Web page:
Background One sixth of U.S. dialysis patients older than 65 years have been diagnosed with atrial fibrillation/flutter (AF) and the prevalence is increasing. Little is known, however, about the incidence of AF in this population. Methods and Results From the U.S. Renal Data System, we identified 258,605 older patients (≥67 years) with fee-for-service Medicare initiating dialysis between 1995 and 2007, who had not been diagnosed with AF within the previous 2 years. Patients were followed for newly diagnosed AF, which was ascertained from 1 inpatient or 2 outpatient claims containing an AF code. Multivariable proportional hazards regression was used to examine temporal trends and associations of race and ethnicity with incident AF. We also studied temporal trends in the mortality and risk of ischemic stroke after new AF. Over 514,395 person years of follow-up, 76,252 patients experienced incident AF for a crude AF incidence rate of 148/1,000 person years. Incidence of AF increased by 11% (95%CI: 5%-16%) from 1995-2007. Compared with non-Hispanic whites, African Americans (−30%), Asians (−19%), Native Americans (−42%), and Hispanics (−29%) all had lower rates of incident AF. Mortality after incident AF decreased by 22% from 1995-2008. Even more pronounced reductions were seen for incident ischemic stroke during these years. Conclusions The incidence of AF is high in older patients initiating dialysis in the U.S. and has been increasing over the 13 years of study. Mortality declined during that time, but remained >50% during the first year after newly diagnosed AF. Since data on warfarin use were not available, we were unable to understand whether trends towards better outcomes could be explained by higher rates of oral anticoagulation in more recent years.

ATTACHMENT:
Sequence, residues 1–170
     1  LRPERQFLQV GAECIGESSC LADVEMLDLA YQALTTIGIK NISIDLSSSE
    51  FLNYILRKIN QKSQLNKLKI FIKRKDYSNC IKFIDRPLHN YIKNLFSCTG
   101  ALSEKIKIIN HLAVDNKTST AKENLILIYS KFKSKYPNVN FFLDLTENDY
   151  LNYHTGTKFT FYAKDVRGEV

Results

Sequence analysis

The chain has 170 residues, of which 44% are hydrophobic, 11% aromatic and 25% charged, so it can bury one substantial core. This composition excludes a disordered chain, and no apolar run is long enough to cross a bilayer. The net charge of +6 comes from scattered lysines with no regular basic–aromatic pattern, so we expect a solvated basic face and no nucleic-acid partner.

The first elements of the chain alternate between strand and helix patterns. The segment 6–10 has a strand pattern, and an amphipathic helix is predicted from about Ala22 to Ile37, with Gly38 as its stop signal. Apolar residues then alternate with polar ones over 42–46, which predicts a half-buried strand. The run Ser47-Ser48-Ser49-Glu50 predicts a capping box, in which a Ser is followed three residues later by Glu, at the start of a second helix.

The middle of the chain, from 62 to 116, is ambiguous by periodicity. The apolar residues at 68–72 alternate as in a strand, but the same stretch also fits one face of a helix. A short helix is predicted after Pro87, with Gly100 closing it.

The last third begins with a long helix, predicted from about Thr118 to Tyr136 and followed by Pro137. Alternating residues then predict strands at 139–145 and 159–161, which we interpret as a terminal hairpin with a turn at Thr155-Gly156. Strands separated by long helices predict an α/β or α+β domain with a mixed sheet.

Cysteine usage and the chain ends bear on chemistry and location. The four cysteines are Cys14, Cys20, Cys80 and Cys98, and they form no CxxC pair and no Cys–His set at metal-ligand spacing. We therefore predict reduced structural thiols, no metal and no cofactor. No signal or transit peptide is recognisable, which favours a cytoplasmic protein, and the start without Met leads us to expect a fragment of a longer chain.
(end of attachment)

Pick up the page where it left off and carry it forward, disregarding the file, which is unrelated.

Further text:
SummaryBackground and objectives Hispanic patients undergoing chronic dialysis are less likely to receive a kidney transplant compared with non-Hispanic whites. This study sought to elucidate disparities in the path to receipt of a deceased donor transplant between Hispanic and non-Hispanic whites.Design, setting, participants, & measurements Using the US Renal Data System, 417,801 Caucasians who initiated dialysis between January 1, 1995 and December 31, 2007 with follow-up through 2008 were identified. This study investigated time from first dialysis to first kidney transplantation, time from first dialysis to waitlisting, and time from waitlisting to kidney transplantation. Multivariable Cox regression estimated cause-specific hazard ratios (HR CS ) and subdistribution (competing risk) hazard ratios (HR SD ) for Hispanics versus non-Hispanic whites.Results Hispanics experienced lower adjusted rates of deceased donor kidney transplantation than non-Hispanic whites (HR CS , 0.77; 95% confidence interval [95% CI], 0.75 to 0.80) measured from dialysis initiation. No meaningful differences were found in time from dialysis initiation to placement on the transplant waitlist. Once waitlisted, Hispanics had lower adjusted rates of deceased donor kidney transplantation (HR CS , 0.66; 95% CI, 0.64 to 0.68), and the association attenuated once accounting for competing risks (HR SD , 0.79; 95% CI, 0.77 to 0.81). Additionally controlling for blood type and organ procurement organization further reduced the disparity (HR SD , 0.99; 95% CI, 0.96 to 1.02).Conclusions After accounting for geographic location and controlling for competing risks (e.g., Hispanic survival advantage), the disparity in access to deceased donor transplantation was markedly attenuated among Hispanics compared with non-Hispanic whites. To overcome the geographic disparities that Hispanics encounter in the path to transplantation, organ allocation policy revisions are needed to improve donor organ equity.